British universities have been accused of “censorship” for agreeing to comply with Chinese internet censorship to offer remote courses to international students.
The courses are offered through software that allows Chinese students who would normally study in the UK to continue their studies remotely.
However, the software has to comply with strict Chinese internet firewalls. This means students are limited to only course material that has been approved by Beijing.
The software is developed by JISC, a digital learning not-for-profit. The pilot programme involves King’s College London, Queen Mary, York University and Southampton University.
JISC’s software, which has been built with Chinese technology giant Alibaba, provides course materials to students in China. A spokesperson said traffic has to travel through “three international gateways” and will “only provide access to learning materials that are part of the curriculum specified by the UK institution”.
These are placed on an “allow” list of course materials. The spokesperson added “none of these links have been blocked”.
A Universities UK spokesperson said academic freedom was of “utmost importance” adding it was not aware of any alteration to course content to comply with local laws.
The BBC first reported universities would by complying with Chinese internet rules.
China sceptics warned Britain’s universities could be conducting self-censorship by only allowing access to certain course approved materials to comply with local internet law.
Matthew Henderson, a former diplomat and Asia director at the Henry Jackson Society, said: “This is censorship by Britain of what students get to read.”
He added universities had for years been under pressure to accept high levels of overseas students, allowing them to charge higher fees, and this had created a “huge dependency” on China.
Neil O’Brien, a Conservative MP and member of the China Research Group, said: “This is the latest sign of the way UK universities are being changed by their dependence on Chinese students. The government needs to start collecting data on Chinese firms investments into our universities and be clear about the values we won't compromise.”
Anthony Glees, a professor at the University of Buckingham, said the decision to limit the kind of materials students could access undermined “the fundamental reason overseas students… might wish to study in the UK. To have access to the academic freedoms that ought to allow UK academics to tell it how it is.”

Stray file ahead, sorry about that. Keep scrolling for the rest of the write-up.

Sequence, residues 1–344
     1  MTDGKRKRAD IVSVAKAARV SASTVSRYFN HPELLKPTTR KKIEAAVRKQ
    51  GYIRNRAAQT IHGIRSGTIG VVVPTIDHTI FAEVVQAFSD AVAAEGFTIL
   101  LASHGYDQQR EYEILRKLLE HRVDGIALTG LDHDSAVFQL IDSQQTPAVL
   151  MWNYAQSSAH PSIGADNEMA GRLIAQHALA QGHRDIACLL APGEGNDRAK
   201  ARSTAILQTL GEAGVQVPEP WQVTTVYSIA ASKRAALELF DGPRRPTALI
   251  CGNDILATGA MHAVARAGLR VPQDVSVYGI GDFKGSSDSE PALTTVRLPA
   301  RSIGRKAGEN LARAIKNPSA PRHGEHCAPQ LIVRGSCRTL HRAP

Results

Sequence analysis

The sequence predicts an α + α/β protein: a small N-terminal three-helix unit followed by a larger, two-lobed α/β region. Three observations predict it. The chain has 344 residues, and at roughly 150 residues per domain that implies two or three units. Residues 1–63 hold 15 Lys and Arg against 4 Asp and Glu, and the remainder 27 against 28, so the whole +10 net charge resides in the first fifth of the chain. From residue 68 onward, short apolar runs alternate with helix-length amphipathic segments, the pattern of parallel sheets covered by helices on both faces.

He added: “If you simply make UK universities an extension of what students might learn in the People’s Republic of China, what would be the academic and intellectual point in coming to study in the UK?”
A spokesperson for Universities UK, which represents UK institutions, said the project was run by JSIC.
The spokesperson said: “Academic freedom and institutional autonomy is of the utmost importance to us. We are not aware of any instances when course content has been altered. This scheme is intended to ensure that Chinese students, learning remotely during the pandemic, can access course materials and are able to continue their studies.”
A similar system has already been deployed by a number of Australian universities.
In a separate report into higher education’s relationship with China, academics warned fears of universities offending China had risen dramatically in recent years. China currently sends more than 120,000 students to the UK each year, although universities fear these numbers will collapse in September due to the coronavirus pandemic.
In a paper published by the Higher Education Policy Institute, Professor Kerry Brown, of Kings College London, said that “pre-emptive self-censorship” by academics was a growing problem.